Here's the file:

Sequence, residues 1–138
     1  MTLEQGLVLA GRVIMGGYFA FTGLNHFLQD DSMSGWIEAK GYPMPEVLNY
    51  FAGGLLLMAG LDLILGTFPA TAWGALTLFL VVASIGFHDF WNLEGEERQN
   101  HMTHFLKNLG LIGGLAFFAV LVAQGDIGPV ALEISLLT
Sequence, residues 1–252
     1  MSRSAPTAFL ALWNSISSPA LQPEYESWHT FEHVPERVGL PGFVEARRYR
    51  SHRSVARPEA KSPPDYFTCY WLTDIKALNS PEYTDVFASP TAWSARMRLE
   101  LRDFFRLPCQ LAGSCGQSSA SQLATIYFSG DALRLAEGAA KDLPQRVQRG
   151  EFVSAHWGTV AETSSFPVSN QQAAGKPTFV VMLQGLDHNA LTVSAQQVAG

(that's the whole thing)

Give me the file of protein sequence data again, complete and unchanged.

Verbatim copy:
Sequence, residues 1–138
     1  MTLEQGLVLA GRVIMGGYFA FTGLNHFLQD DSMSGWIEAK GYPMPEVLNY
    51  FAGGLLLMAG LDLILGTFPA TAWGALTLFL VVASIGFHDF WNLEGEERQN
   101  HMTHFLKNLG LIGGLAFFAV LVAQGDIGPV ALEISLLT
Sequence, residues 1–252
     1  MSRSAPTAFL ALWNSISSPA LQPEYESWHT FEHVPERVGL PGFVEARRYR
    51  SHRSVARPEA KSPPDYFTCY WLTDIKALNS PEYTDVFASP TAWSARMRLE
   101  LRDFFRLPCQ LAGSCGQSSA SQLATIYFSG DALRLAEGAA KDLPQRVQRG
   151  EFVSAHWGTV AETSSFPVSN QQAAGKPTFV VMLQGLDHNA LTVSAQQVAG